Two millennia have passed since those early days. The new movement, which began as a persecuted minority among Jews, soon spread to Gentiles as well and after a couple of generations had rejected its Jewish origins as it began to penetrate Roman society. Within three centuries, the church had become an established institution, supported by the state. Its history is a mixture of good and evil. The list of wrongs perpetrated in the name of Christ is too long for this blog. Yet many of the best features of our Western society are also directly attributed by secular historians to the influence of Christianity. By God’s grace, the same Holy Spirit who fell on the eagerly waiting fellowship on that first Pentecost has continued to bring repentance and renewal, and the number of those who truly love Jesus and His ways, and seek to follow Him in sincerity, has continued to grow.

In these troubled times, when many things are being shaken and stripped away, I believe it’s time for God’s people to return to basics – to our first love. The Holy Spirit was given to empower His people to proclaim the good news. He has given us many gifts of power. But His first assignment – His very nature – is to draw our attention to Jesus himself. I’m very grateful for the gifts of the Spirit. But I am even more grateful that He gives us the power to grow in love for Jesus and His ways. He is the living flame of God’s love, poured into our hearts. Whatever good we do – whether preaching the gospel, giving to the poor or caring for the sick – it counts for nothing with God unless it springs from love. But consistent love for God and His ways – which Jesus called the first commandment – is the one thing we are incapable of without the power of the Spirit. I can’t even love my own wife consistently without His help. We need the Holy Spirit.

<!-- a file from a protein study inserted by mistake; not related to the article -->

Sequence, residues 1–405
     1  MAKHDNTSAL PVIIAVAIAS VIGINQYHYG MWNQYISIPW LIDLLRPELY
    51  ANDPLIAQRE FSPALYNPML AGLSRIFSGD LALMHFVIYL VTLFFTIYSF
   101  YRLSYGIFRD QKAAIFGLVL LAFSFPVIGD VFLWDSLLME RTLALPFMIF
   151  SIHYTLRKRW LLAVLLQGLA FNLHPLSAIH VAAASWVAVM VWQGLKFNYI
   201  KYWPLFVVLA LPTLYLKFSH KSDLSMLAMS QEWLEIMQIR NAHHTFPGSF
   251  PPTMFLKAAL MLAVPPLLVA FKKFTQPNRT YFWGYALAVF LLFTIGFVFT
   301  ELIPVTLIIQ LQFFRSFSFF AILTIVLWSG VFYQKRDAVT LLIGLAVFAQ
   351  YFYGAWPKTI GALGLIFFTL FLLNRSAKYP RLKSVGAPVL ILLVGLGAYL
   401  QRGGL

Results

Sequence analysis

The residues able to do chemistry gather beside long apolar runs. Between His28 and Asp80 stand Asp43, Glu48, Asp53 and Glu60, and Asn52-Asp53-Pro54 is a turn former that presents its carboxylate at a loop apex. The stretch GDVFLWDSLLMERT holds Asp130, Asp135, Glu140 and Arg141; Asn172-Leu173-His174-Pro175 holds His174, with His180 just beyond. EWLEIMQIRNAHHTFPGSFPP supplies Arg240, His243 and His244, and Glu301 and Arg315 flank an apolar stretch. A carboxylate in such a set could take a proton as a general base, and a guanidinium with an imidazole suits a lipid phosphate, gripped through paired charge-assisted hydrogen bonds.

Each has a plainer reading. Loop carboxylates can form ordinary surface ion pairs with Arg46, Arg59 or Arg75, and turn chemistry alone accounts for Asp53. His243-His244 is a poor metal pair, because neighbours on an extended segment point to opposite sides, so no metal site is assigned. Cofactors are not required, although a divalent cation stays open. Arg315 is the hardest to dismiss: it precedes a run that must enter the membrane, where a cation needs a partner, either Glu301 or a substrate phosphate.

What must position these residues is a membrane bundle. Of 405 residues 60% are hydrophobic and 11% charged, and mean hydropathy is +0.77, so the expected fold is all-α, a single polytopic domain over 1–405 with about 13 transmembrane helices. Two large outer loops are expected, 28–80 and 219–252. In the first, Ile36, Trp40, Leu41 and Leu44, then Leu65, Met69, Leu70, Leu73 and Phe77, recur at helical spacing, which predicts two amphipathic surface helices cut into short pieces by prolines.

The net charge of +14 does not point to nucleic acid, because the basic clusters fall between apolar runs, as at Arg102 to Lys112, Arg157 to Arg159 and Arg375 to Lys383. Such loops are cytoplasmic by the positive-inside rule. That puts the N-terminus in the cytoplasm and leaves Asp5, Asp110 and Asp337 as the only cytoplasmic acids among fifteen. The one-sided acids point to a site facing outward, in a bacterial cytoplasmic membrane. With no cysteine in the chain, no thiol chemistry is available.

In these times of growing turmoil and trouble, it’s increasingly evident that no-one has a solution to the challenges we are facing. There is only one leader capable of bringing peace, justice and healing to the earth – King Jesus, the crucified and risen Messiah, who will bring in His Kingdom when He returns. But He has given His people a deposit on our inheritance – the blessed Holy Spirit. In the chaos of our times – in the midst of adversity, when everything within us is crying out to God to change our circumstances – the Spirit empowers us to love and choose the Lamb and His ways. He is coming for a people who have learned to persevere and grow in love. In the end, that is how we will be evaluated.

Come, Holy Spirit.

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Nuggets of Hope 8 – Adopted